"I have lived the American dream. Even my worst days as attorney general have been better than my father's best days," outgoing Attorney General Alberto Gonzales noted during a press conference Monday.
Credit Gonzales for leaving not with a whimper, but with the knowledge that as rough as Washington gets, no one can take from him the accomplishment of, as the son of a Mexican-born construction worker, becoming America's first Latino attorney general. In his exit, Gonzales showed himself to be, as President Bush would say, "a good man."
But as this president tends to learn too late: You can be a good man, but not the right man for the job.
"It's sad that we live in a time when a talented and honorable person like Alberto Gonzales is impeded from doing important work because his good name was dragged through the mud for political reasons," Bush said Monday. Actually, Gonzales did the damage to himself.
I wrote in March that Gonzales should resign after he fudged explaining why the administration fired eight U.S. attorneys. Gonzales should have been honest and admitted that the administration discarded the U.S. attorneys for political reasons. Instead, he wrote in USA Today that he asked them to resign for "performance-related" reasons, and because they "simply lost my confidence."
By that standard, the credibility-impaired Gonzales should have walked then -- not late in a year in which close to a dozen top Justice Department staffers resigned.
Or as Sen. Dianne Feinstein, D-Calif., told reporters Monday, "It had to happen."
As the months dragged on, the best Republicans could say in Gonzales' defense was that the attorney general did not perjure himself when he testified before the Senate, but was misleading under cover of law.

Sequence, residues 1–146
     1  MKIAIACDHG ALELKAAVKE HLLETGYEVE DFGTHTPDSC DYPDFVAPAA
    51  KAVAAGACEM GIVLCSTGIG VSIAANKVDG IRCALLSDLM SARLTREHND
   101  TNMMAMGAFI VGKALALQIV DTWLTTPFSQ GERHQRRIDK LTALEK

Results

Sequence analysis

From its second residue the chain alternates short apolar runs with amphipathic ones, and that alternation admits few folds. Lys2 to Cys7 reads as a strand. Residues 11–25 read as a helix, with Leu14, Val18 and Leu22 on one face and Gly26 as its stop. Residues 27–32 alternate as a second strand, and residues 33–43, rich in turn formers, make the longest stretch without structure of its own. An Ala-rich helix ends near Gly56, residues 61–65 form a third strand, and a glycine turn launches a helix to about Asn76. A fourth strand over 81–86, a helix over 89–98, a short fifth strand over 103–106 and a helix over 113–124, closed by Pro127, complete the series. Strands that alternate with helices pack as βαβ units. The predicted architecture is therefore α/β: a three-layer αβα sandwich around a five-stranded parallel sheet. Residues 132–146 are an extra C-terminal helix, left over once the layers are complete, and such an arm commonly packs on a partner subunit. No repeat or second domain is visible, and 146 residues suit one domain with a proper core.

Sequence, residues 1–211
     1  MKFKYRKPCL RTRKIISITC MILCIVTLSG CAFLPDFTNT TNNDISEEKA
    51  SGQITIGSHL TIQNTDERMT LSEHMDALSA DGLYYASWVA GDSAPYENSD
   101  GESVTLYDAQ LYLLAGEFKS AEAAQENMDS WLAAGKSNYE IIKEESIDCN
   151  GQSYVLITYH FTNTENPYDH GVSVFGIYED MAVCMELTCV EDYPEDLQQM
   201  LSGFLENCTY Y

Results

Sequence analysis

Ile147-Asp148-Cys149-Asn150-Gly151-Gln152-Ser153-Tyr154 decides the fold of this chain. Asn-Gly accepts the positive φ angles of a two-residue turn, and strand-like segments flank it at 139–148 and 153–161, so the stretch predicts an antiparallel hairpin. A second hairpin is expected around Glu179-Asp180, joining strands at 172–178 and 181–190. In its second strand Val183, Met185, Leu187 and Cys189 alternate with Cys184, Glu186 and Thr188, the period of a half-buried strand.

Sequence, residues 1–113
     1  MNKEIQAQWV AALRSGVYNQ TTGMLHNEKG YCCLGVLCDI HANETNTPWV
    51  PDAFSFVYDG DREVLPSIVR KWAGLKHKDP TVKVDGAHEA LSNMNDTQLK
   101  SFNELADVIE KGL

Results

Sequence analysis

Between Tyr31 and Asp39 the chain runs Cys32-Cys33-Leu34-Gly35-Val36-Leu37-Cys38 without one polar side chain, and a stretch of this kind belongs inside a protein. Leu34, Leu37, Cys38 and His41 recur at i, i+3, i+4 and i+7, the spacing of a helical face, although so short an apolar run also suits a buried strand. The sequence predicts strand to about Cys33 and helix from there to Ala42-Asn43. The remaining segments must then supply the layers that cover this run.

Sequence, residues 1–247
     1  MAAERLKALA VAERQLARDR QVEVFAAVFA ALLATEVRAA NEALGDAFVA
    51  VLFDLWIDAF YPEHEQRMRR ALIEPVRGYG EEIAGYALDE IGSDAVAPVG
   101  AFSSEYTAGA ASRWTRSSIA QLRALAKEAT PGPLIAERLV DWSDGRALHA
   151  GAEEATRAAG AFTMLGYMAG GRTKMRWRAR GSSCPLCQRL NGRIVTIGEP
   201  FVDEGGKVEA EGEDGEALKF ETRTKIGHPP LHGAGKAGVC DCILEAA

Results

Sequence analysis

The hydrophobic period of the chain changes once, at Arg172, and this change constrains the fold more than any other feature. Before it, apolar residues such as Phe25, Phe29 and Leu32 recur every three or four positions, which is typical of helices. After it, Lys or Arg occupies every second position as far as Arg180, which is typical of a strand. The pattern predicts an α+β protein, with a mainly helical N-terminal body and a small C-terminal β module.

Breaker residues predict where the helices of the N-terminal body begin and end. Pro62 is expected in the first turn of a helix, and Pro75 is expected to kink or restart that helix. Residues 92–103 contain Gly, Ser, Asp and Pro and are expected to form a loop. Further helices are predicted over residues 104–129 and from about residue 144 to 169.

While the left objected to Gonzales' hard line in the war on terrorism, many conservatives believed that his office was wrong to prosecute Border Patrol agents Ignacio Ramos and Jose Compean for shooting at a fleeing drug smuggler and covering up the action. The prosecution resulted in draconian sentences -- 11 years and 12 years -- for the agents, while the smuggler is free and suing the federal government.
I figured that the Bushies had decided that if Gonzales left, congressional Democrats would respond by poking at a new administration biggie. So the ever-loyal Gonzales stayed on as Bush administration's designated punching bag.
Besides, as GOP strategist Ken Khachigian, who served in the Nixon and Reagan administrations, explained, "Alberto Gonzales was hardly the big casino" when it comes to issues that affect Americans in everyday life. With the country at war, Gonzales' plight was mainly of interest to political insiders. (Note the recent Gallup poll that found the approval rating of Congress among Americans had sunk to 18 percent -- by comparison, the Bush 32 percent approval rating looks stellar.)
What next? Khachigian does not expect the congressional hearings and investigations to abate. "They won't stop," Khachigian noted. "He'll be called in for more hearings. They've got their teeth in his neck now, and they'll keep shaking him until he's a limp rag."
Feinstein told reporters that the head of steam may have gone out of the investigation, but also, "I think we have to get to the roots of it because I think we have to prevent this from ever happening again."
Now Bush has to name a successor who can withstand Senate scrutiny -- which will be elevated with four Democratic senators, and one Republican senator, running for the White House.
Normally, the easy route would be to nominate a Republican senator -- as senators tend to gush when one of their own, regardless of party, is named to a Cabinet post.
But with the news that Sen. Larry Craig, R-Idaho, pleaded guilty to disorderly conduct in an airport men's bathroom (not to mention the escort service-client Sen. David Vitter, R-La.), Bush would have to think twice. Suddenly it is too clear why Dubya values loyalty and prefers to name people he knows to Cabinet posts.